How brands can survive the COVID-19 crisis

What can management and marketers do to ensure the continued health of their brands?
11 March 2020
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Nigel
Hollis

Chief Global Analyst, Kantar

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The good news about working remotely is that you can still do so while self-isolated after a skiing trip in the Italian Dolomites. However, unlike humans, brands cannot isolate themselves so easily. With the full effects of the COVID-19 outbreak still to be realised what can management and marketers do to ensure the continued health of their brands?

First things first, remember that strong brands will recover quicker than weak ones. One of the iconic charts from the BrandZ Top 100 Most Valuable Global Brands Ranking compares the stock market performance of strong brands in the ranking to that of the S&P 500. It shows that while all companies were hit hard by The Great Recession, the ones with strong brands recovered quicker and have subsequently grown faster than the S&P 500.

While the impact of COVID-19 may not be as significant as The Great Recession, my suspicion is that its economic impact will be greater and more sustained than that of previous outbreaks, like SARS or MERS. Analysis by Kantar Consulting in China demonstrates that those outbreaks had a negative impact on retail sales growth lasting up to three months. However, the rapid escalation of COVID-19 outside China seems likely to have far reaching consequences on global trade and therefore may have an impact that is longer lasting.

Looking at what has happened in China gives us some idea of what might happen elsewhere. To anticipate the likely impact on consumer spending in China Kantar launched a nationwide survey from Feb 6 till 9 through WeChat. Not surprisingly, the vast majority of people said they would reduce or cancel out-of-home dining, entertainment and travel. Perhaps less obviously, purchases like buying a new car, apparel or white goods are likely to be deferred, as are non-essential items. Sales of essentials like food and drink will be relatively resistant, particularly given China’s well-developed ecommerce ecosystem.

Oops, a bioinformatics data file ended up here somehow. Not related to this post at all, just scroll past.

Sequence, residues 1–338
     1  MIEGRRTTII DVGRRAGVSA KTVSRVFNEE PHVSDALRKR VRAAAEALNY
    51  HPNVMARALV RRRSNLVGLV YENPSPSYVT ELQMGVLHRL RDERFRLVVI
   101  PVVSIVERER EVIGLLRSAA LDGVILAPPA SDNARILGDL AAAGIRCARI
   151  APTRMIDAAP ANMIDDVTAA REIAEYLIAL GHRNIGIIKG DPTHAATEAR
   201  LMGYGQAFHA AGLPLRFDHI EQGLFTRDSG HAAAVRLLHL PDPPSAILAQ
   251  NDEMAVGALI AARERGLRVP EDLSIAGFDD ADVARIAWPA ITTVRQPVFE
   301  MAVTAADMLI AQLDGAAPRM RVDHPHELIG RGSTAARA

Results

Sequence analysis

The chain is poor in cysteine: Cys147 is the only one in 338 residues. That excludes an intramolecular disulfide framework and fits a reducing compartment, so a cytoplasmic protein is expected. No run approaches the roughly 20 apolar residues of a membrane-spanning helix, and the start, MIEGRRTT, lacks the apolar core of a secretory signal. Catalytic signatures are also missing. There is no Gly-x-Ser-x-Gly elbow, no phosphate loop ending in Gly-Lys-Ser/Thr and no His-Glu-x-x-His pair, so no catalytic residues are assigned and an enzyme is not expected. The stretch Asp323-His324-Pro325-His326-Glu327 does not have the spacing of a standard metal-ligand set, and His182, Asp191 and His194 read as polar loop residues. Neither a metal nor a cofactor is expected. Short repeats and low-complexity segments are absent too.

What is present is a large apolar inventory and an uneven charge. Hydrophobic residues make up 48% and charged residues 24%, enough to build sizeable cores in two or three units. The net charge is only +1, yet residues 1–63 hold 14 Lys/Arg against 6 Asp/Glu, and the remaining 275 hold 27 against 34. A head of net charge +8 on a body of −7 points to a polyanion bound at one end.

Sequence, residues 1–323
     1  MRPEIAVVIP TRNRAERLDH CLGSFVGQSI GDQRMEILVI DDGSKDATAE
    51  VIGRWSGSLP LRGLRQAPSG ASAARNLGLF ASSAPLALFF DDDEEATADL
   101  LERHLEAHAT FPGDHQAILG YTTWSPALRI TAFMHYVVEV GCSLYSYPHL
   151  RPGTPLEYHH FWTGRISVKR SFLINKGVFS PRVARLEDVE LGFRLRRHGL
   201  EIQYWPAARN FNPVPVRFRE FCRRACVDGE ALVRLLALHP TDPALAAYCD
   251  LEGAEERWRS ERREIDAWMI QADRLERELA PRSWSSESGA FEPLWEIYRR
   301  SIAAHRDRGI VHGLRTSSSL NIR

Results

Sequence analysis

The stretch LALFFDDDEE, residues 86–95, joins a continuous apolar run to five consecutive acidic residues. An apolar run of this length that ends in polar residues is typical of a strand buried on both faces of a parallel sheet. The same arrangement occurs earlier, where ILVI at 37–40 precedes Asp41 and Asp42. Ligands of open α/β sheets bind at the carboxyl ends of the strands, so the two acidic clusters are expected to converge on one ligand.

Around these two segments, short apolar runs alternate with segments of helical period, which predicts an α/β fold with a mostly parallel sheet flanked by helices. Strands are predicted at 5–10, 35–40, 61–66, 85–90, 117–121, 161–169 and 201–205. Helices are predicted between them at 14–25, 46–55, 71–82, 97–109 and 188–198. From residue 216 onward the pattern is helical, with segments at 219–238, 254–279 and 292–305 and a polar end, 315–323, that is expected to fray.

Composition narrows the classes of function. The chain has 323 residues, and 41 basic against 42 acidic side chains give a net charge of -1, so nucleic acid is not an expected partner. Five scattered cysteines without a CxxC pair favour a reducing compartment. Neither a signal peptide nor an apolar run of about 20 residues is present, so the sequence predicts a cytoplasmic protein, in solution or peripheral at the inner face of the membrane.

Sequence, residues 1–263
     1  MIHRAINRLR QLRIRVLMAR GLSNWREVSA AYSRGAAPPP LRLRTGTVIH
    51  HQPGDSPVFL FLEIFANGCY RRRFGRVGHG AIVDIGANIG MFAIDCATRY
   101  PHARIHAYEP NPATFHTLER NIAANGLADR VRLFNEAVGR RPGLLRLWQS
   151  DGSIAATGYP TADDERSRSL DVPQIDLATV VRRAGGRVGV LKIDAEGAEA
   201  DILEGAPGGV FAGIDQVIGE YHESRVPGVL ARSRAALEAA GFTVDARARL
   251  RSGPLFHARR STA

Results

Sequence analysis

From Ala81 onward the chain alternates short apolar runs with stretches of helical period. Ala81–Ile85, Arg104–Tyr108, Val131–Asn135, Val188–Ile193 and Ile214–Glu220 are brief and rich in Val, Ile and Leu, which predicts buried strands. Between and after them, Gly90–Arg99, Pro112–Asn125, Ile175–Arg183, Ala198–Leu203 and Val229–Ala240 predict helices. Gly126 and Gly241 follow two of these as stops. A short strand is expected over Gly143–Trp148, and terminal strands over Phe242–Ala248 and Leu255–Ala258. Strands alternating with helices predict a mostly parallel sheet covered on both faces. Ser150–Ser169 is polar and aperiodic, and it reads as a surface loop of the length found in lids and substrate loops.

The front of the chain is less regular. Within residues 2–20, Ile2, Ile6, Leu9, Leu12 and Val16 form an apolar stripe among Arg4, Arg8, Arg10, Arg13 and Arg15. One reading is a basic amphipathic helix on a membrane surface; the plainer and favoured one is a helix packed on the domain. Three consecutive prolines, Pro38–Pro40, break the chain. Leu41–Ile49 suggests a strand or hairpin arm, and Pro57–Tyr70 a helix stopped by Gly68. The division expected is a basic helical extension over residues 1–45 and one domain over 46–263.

So, what should management and marketing teams do? Number one, put plans in place to continue business and protect employees and customers. Number two, recognise that every business in the same industry is likely to take a hit. How well you ride out the crisis will depend on responding to it more effectively than your competitors. How can your brand best ride out the turmoil? And how can you ensure a swift return to business as usual?

Beyond the immediate response, when facing something like COVID-19 the response to people’s feelings is going to be critical. To do so effectively, management and marketers must suspend their own viewpoint and put themselves in their customer’s shoes. How do they feel? What help might they need – functional or emotional? And how might they expect the brand to respond? People’s response to a crisis is going to vary by their basic attitude to life, and it is important to align your brand’s response with its existing positioning and values or it will seem inauthentic. Ultimately it is about how your brand can improve its relevance in a time of need and defuse any potential concerns related to your business. For instance, home delivery might seem like a great idea but only if the delivery person has sanitised their hands.

Some brands will find an obvious overlap between their core purpose and consumer needs. In 2017, Procter & Gamble provided relief to residents of Southeast Louisiana impacted by recent tornados via its Loads of Hope program, which not only cleaned clothes for free but also gave away free personal care products. However, a brand in a less practical category that has previously positioned itself as fun and outgoing is going to risk undermining its standing if it suddenly starts promoting hand washing. Trivial though it may seem, a better response might be to offer new content that speaks to people’s desire to be distracted from the latest news and worries over the potential for infection.

While it might seem callous to say so, crises can also offer the opportunity for growth. In China, Luckin Coffee began delivering alcohol-based sterilisers and antibiotic hand soap in addition to its beverages and stocking its network of vending machines with the sanitiser products. Whether this proves a successful strategy or not, the demand for DTC services and delivery is only likely to grow in the coming weeks and will likely have a long-term impact on consumer behaviour.  

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